The lifetime allowance limits the total tax privileged pension benefits you can build up from all your pension plans, excluding the State Pension. If your pension benefits exceed the lifetime allowance total, which has changed over the years then you will feel the sting of a hefty tax charge, unless you have existing pension protection in place. In the 2018/19 tax year the lifetime allowance stands at £1.03 million and will increase by inflation to £1.055 million on 6th April 2019. If you think you could be affected by the LTA charge, there may be ways in which you can protect yourself and reduce the amount of tax you pay. One way is to consider utilising your NHS lump sum.
The tax charge you will face depends on how you intend to take that part of your pension which exceeds the lifetime allowance.
The lifetime allowance charge is:
* 55% if you’re taking the excess as a lump sum; or
* 25% of the capital value where you take it as a taxable pension income
The NHS Pension Scheme does not offer you a choice, any excess must be taken as income and is charged at 25%. The charge is deducted from your pension and this reduced pension is payable for life. The exception is where your standard lump sum exceeds 25% of the lifetime allowance, in which case the excess is charged at 55%. If you have lifetime allowance protection this may afford you an additional tax free lump sum.
So, how does it all work?
Working out your lifetime allowance tax charge may seem daunting at first, as there are calculations involved. To make it easier to digest however, we’ve broken it down with an example, based on the 1995 Section.
If your pension at retirement is £50,000, you’d receive an automatic lump sum of £150,000. The below calculation will help you to work out the capital value of your NHS pension.
Pension (£50,000) x 20 + lump sum (£150,000) = £1,150,000
Excess over the LTA (£1,150,000 – £1,030,000) = £120,000
LTA charge on pension (25% X £120,000) = £30,000
This is deducted from your NHS pension based on an age related factor. Any reduction is permanent and does not affect your lump sum.
Using your lump sum to reduce the LTA charge
On 1st April 2008, the NHS Pension Scheme changed the rules to allow individuals to take a bigger lump sum by forgoing part of their pension, which is known as commutation. For every £1 of taxable pension, this provides £12 of tax-free lump sum..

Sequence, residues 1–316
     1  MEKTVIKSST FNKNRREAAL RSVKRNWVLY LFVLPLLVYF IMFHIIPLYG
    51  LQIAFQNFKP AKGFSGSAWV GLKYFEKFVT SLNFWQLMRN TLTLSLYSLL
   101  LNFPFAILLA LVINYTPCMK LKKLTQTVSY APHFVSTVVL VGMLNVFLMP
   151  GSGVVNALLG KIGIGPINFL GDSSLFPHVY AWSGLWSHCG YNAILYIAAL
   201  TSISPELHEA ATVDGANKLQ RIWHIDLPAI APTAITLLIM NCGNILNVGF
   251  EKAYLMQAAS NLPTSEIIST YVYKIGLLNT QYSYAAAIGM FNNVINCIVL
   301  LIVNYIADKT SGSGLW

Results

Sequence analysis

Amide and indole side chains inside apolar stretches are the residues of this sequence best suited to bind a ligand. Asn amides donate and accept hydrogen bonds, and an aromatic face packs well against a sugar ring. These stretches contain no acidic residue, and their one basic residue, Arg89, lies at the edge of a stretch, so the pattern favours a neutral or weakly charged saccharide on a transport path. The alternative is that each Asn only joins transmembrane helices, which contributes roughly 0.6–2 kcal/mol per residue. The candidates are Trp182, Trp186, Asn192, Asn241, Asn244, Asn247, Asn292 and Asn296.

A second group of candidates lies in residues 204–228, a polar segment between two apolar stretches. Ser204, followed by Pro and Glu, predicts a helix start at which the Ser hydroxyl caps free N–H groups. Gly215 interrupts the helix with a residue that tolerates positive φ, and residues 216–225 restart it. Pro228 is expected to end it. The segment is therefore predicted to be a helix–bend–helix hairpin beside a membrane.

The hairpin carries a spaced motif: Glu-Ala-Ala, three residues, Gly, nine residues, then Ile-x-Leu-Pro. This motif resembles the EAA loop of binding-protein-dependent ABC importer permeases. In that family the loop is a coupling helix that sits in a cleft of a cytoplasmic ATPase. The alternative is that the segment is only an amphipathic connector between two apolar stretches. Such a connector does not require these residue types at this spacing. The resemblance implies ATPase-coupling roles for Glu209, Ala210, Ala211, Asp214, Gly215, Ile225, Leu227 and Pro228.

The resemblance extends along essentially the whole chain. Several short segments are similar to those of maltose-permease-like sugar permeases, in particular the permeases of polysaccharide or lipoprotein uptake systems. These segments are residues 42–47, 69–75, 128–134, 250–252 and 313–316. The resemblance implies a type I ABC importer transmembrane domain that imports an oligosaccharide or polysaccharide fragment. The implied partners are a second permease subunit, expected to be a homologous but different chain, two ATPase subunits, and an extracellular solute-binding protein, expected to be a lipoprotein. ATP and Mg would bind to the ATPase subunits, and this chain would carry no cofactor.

Continuing with the above example.
Say you decided to commute (exchange) £5,000 of your £50,000 pension, this would reduce your pension to £45,000. As a result, you’d receive an extra £60,000 as a tax-free lump sum (£12 for every £1 of taxable pension given up).
Your total capital value would then be:
Pension (£45,000) x 20 + lump sum (£150,000 + £60,000) = £1,110,000
Excess over the LTA (£1,110,000 – £1,030,000) = £80,000
LTA charge on pension (25% X £80,000) = £20,000
This means your potential tax saving would be £10,000.
As this is deducted from pension the actual tax saving will be determined by the number of years you draw your pension.
When giving up part of your pension for additional tax-free lump sum, however, it’s important to remember that the maximum tax free lump sum you can take is the lower of:
• 25% of the available LTA; or
• Maximum lump sum permitted under scheme rules …
… In the above example, the maximum permitted lump sum is approx. 5.36 x pension or £268,000
An added bonus for all members is that payments to surviving spouses or partners and children in the unfortunate event of death are based on the original pension amount, as opposed to the reduced amount, even if you’ve taken out a bigger lump sum previously. Going back to the example, this would be based on the original £50,000 pension not the reduced £45,000 pension.
Don’t let the tax tail wag the dog.
Getting caught up on how you can reduce your tax without thinking of the bigger picture and your retirement can have long-term consequences. Although it may be tempting to prioritise tax mitigation, it’s much more important to focus on the income you need to live on, so you can maintain your standard of living while in retirement. This is something we support as experienced financial advisers for medical professionals, as we’re fully aware of the long-term consequences this can have. It’s also important to remember that there are other ways to protect yourself from the lifetime allowance tax charge, so if you fear you could be affected, we’d advise weighing up all your options beforehand.
The Financial Conduct Authority does not regulate Tax Planning.
The contents of this article are for information purposes only and do not constitute individual advice.